Bev Middlebrook

The biggest environmental issue facing our community would be the changing climate. In the 35 years I have lived in Kimberley, I have seen the weather change significantly, from plenty of spring skiing days, to warm rainy Novembers.  This climate change triggers other changes; the pine beetle which is killing our beautiful trees, the abundance of other beetles unbalancing our eco system, high water/ flooding. The City of Kimberley can make it a priority, and we can converse with our community experts while researching for more solutions. We can continue energy efficient programs for wood burning stoves; continue the cutting of pine beetle damaged trees, sparing the healthy trees. Take and use only what we truly need; recycle, reuse, and reduce. Support energy efficient companies first.  Continue informing and educating our community. Make the message a priority; a healthy environment is what makes & keeps this area so special.

Darryl Oakley

The biggest issue facing our community is the need to renew our aging infrastructure. Recently City council received a report on our water distribution system. Here is one example: the picture that was painted by the report is that our water distribution system in Lois Creek and in Blarchmont is in very bad shape is leaking and breaking at a very high rate…much higher than the national and international rate. The end result of not keeping up with our infrastructure renewal (as in this example) is that winter drawdown of Mark Creek is above the recommended drawdown of no more than 25%.  All of this is not good news for the Mark Creek ecosystem, and raises questions about what the impact will be further downstream.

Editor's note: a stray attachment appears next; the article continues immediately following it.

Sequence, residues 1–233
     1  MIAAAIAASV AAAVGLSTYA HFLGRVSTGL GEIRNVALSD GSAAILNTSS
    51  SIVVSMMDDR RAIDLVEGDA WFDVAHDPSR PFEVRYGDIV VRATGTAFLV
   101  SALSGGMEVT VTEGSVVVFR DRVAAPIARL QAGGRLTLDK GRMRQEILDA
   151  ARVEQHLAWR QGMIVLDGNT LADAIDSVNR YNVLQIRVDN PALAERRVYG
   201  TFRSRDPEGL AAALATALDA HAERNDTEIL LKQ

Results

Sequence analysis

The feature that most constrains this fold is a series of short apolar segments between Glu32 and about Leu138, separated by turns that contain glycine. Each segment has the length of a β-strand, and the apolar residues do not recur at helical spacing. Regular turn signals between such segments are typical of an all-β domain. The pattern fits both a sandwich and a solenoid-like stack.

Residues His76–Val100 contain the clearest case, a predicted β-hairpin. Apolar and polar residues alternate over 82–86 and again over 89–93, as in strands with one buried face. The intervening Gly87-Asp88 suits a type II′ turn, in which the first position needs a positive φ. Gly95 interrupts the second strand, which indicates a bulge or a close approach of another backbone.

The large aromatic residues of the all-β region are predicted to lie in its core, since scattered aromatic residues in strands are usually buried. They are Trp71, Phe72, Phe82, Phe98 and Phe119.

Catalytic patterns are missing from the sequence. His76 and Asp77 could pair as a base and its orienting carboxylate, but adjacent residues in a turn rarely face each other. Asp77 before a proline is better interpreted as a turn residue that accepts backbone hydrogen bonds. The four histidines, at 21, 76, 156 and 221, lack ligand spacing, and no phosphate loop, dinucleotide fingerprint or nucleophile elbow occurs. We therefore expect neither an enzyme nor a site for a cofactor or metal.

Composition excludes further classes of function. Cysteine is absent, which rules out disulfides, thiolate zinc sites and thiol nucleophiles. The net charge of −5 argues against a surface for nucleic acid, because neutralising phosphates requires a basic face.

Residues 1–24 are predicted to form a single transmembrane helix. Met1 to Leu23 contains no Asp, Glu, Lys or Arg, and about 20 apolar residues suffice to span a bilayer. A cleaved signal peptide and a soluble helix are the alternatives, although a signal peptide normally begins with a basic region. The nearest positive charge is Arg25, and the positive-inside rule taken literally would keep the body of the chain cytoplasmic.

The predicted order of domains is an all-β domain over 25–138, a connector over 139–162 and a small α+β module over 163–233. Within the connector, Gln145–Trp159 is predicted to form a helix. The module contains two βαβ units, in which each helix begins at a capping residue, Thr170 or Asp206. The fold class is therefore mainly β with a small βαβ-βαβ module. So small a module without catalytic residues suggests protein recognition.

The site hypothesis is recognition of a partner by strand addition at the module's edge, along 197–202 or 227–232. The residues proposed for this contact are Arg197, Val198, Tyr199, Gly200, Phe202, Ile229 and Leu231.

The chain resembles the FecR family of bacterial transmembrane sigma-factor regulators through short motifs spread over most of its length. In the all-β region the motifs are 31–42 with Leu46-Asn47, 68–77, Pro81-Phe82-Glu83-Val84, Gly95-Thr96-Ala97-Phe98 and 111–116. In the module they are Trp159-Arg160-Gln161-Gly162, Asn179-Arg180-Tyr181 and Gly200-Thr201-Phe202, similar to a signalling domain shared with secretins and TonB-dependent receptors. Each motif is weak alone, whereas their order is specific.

Sandra Roberts

I am currently unaware of the position that the City of Kimberley holds in a myriad of environmental issues. That said, I am not in any position at this time to comment on an action that I might take if selected for Council.  If chosen, I will enter a steep learning curve to get up to speed and will be better prepared for this discussion at a later date.